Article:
The reference to women being the “weaker sex” comes from the Bible, I know.

It’s a variation on the words of 1 Peter 3:7: “Husbands, likewise, dwell with them [your wives] with understanding, giving honor to the wife, as to the weaker vessel…”

Note the term, vessel, not sex or gender. Some scholars say that when Peter uses the term vessel (in Greek, skeuei) he meant just that, a vessel or a jar or container of some sort.

And if that’s case, what he’s saying isn’t that men should take care of their weaker wives, but that they should treat them as one would a piece of pottery that warrants special care, like a family heirloom.

It’s also worth noting that the whole passage that precedes it is about how Christians should treat their unbelieving spouses. So, it seems clear that Peter is saying that newly converted men should treat their still-pagan wives with special care. Rather than lording their new-found religion over them, they ought to woo their wives into the faith by affording them special dignity.

This makes sense because he has just told Christian wives to win over their unbelieving husbands in the same way. (3:1-6).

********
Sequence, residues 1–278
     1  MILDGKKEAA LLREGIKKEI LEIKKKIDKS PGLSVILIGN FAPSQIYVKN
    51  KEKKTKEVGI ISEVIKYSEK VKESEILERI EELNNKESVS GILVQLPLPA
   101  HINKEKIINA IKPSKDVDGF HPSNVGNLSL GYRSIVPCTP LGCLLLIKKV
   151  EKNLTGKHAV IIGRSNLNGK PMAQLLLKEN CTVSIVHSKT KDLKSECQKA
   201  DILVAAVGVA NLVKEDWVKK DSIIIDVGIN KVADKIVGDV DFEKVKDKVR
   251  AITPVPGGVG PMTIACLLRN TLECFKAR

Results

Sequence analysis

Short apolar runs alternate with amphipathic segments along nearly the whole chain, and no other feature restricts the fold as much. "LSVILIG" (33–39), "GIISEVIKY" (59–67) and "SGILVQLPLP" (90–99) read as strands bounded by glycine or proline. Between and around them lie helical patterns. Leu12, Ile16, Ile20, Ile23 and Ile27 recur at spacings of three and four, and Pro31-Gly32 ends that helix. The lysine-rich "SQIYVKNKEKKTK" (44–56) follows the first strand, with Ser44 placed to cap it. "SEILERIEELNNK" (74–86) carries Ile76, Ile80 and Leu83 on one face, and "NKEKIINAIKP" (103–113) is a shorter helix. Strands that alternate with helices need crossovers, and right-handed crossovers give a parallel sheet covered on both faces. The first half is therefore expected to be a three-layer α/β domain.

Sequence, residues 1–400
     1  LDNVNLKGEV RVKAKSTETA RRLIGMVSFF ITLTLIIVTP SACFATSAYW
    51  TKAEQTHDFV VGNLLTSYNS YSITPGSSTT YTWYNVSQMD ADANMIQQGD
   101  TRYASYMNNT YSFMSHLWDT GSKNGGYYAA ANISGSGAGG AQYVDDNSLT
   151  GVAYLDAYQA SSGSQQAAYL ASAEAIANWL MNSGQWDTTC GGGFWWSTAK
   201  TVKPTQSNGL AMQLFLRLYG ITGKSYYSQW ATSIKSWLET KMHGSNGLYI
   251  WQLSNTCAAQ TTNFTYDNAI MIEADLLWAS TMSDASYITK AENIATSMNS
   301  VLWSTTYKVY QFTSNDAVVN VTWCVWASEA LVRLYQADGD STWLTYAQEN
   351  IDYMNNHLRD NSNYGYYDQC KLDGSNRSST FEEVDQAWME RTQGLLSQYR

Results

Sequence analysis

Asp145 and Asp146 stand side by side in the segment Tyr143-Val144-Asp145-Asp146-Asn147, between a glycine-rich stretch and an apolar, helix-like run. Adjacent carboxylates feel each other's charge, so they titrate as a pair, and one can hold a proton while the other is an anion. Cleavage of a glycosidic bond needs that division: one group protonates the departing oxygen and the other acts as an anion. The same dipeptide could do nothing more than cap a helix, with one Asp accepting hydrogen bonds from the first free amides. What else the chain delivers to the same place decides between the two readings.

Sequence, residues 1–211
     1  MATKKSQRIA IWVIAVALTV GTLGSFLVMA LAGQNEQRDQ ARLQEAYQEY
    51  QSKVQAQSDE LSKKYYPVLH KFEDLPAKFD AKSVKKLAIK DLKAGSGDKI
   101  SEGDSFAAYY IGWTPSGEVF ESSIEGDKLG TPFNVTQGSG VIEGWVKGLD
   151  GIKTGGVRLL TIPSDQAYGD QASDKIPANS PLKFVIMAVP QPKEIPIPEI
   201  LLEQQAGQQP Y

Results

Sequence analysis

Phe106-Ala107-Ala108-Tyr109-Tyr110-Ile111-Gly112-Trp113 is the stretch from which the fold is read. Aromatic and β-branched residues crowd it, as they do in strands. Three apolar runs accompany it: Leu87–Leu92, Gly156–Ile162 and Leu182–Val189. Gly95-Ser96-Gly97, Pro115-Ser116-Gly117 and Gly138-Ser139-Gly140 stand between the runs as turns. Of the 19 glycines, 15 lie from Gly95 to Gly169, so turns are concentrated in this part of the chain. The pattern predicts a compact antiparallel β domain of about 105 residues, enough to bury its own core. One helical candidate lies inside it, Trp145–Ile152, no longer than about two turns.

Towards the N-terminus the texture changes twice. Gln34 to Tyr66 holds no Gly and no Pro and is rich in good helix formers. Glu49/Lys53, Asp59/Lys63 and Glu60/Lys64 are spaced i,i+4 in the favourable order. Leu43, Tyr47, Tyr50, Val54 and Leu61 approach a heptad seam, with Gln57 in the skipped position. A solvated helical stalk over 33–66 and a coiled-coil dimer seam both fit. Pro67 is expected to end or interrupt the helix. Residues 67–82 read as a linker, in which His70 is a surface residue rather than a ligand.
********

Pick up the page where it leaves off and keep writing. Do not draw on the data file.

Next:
It might be true that men have a higher percentage of lean muscle mass than women, but that definitely doesn’t make women the weaker sex. Not when you consider the extraordinary fortitude exhibited by women around the world.

Recently, I posted this photo on social media. It’s a picture of Olga Misik, a 17-year-old Russian girl who defied Putin’s riot squad by reading the constitution aloud (the Russian constitution guarantees the right to peaceful political assembly). She was later dragged by her arms and legs through the street and detained by police. Pro-democracy protests have continued across Moscow.

People were impressed. It’s a gutsy story of female resistance. So, in response, people started posting similar photos of fierce women defying seemingly insurmountable odds.

One friend posted this famous shot of Ieshia Evans being detained in Baton Rouge in 2016 for participating in a Black Lives Matter protest. And one of a Bulgarian protester pleading with riot police in Sofia in 2013.